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Carsharing: A Vehicle for Sustainable Mobility in Emerging Markets?

New research by WRI Ross Center for Sustainable Cities shows that carsharing operators, like Carrot, are booming–and will play a significant role in shaping sustainable urban mobility. Photo by Eliseo Gasca/EMBARQ Mexico.

Growing from 6 operators in 2012 to 41 by mid-2015, carsharing is rapidly expanding in emerging markets worldwide. What is the future of carsharing? What impact will this innovation have on cities? What are the key challenges for ensuring that carsharing becomes a vehicle for sustainable mobility? This four-part series from TheCityFix draws on new research from WRI Ross Center for Sustainable Cities, exploring and unpacking what carsharing means for cities of the future.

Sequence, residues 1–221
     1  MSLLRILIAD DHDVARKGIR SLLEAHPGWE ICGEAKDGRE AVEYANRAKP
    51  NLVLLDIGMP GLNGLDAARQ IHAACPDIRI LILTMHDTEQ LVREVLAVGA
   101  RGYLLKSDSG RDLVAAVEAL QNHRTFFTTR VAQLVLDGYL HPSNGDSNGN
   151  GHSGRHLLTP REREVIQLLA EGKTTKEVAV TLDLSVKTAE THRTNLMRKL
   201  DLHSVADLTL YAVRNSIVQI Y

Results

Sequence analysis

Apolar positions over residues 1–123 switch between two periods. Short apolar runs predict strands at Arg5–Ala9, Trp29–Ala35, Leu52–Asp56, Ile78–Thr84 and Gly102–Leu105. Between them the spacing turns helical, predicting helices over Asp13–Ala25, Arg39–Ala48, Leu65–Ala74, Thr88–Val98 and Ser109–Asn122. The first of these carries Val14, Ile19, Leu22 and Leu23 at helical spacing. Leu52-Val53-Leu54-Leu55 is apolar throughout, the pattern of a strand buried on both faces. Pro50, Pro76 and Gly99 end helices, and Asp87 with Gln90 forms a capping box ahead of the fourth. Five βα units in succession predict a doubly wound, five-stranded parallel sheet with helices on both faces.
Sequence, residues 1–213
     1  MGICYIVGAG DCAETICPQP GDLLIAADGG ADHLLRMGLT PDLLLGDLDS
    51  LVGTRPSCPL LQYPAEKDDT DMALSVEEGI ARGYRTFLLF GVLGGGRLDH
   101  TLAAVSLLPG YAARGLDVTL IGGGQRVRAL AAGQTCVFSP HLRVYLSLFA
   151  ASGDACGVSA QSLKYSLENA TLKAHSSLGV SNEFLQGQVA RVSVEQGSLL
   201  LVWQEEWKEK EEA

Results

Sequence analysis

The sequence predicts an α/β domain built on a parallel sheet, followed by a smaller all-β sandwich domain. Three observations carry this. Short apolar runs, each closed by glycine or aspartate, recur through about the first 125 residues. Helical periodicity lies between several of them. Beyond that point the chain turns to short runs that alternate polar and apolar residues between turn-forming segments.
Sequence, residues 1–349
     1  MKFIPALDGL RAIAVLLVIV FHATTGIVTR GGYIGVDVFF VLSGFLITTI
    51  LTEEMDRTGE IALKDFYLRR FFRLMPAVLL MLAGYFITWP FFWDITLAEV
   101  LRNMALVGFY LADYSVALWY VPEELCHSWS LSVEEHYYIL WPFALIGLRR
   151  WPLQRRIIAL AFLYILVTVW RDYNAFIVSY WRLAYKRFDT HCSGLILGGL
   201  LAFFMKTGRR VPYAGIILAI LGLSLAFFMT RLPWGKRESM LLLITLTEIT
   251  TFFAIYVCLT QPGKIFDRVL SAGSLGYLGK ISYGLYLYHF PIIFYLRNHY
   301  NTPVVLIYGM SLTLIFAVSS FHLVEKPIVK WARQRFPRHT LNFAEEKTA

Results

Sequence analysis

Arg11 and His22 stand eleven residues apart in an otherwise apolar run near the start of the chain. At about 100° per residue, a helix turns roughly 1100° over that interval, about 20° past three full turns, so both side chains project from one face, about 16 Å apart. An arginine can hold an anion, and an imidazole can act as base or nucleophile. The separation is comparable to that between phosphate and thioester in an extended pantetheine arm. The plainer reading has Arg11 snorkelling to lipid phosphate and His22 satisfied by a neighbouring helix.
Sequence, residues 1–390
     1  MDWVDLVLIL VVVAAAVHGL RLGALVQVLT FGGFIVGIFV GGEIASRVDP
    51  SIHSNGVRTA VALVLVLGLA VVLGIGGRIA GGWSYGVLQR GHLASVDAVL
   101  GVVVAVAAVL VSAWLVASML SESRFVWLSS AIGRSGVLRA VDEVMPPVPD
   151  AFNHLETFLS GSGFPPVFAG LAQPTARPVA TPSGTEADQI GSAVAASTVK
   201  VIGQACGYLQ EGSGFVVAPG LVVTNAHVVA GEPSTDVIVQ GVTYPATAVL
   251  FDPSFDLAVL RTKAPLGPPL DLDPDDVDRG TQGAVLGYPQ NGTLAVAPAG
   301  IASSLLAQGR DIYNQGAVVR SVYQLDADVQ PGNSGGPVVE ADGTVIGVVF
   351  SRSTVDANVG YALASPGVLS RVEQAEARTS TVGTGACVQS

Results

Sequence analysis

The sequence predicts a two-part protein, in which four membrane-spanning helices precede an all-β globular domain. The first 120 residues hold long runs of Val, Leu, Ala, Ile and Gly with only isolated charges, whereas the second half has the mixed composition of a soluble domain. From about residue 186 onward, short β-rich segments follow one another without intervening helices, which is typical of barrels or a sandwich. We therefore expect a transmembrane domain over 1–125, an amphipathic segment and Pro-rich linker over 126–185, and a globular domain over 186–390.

Carsharing is rapidly on the rise in emerging markets like China, India, Brazil and Mexico, and shows promise of replacing car ownership for many households. However, entrepreneurs and policy makers must tackle critical barriers to enable carsharing to grow and succeed. A new study published today by WRI Ross Center for Sustainable Cities reveals these findings.

When we began the study in 2011, there was little real-world carsharing experience in emerging markets. Indeed, although emerging markets accounted for 72 percent of the world’s urban population, they represented less than 1 percent of all carsharing members—leaving some major questions. What were the barriers? Could carsharing work? Who would use the service? And how would it impact mobility and the environment?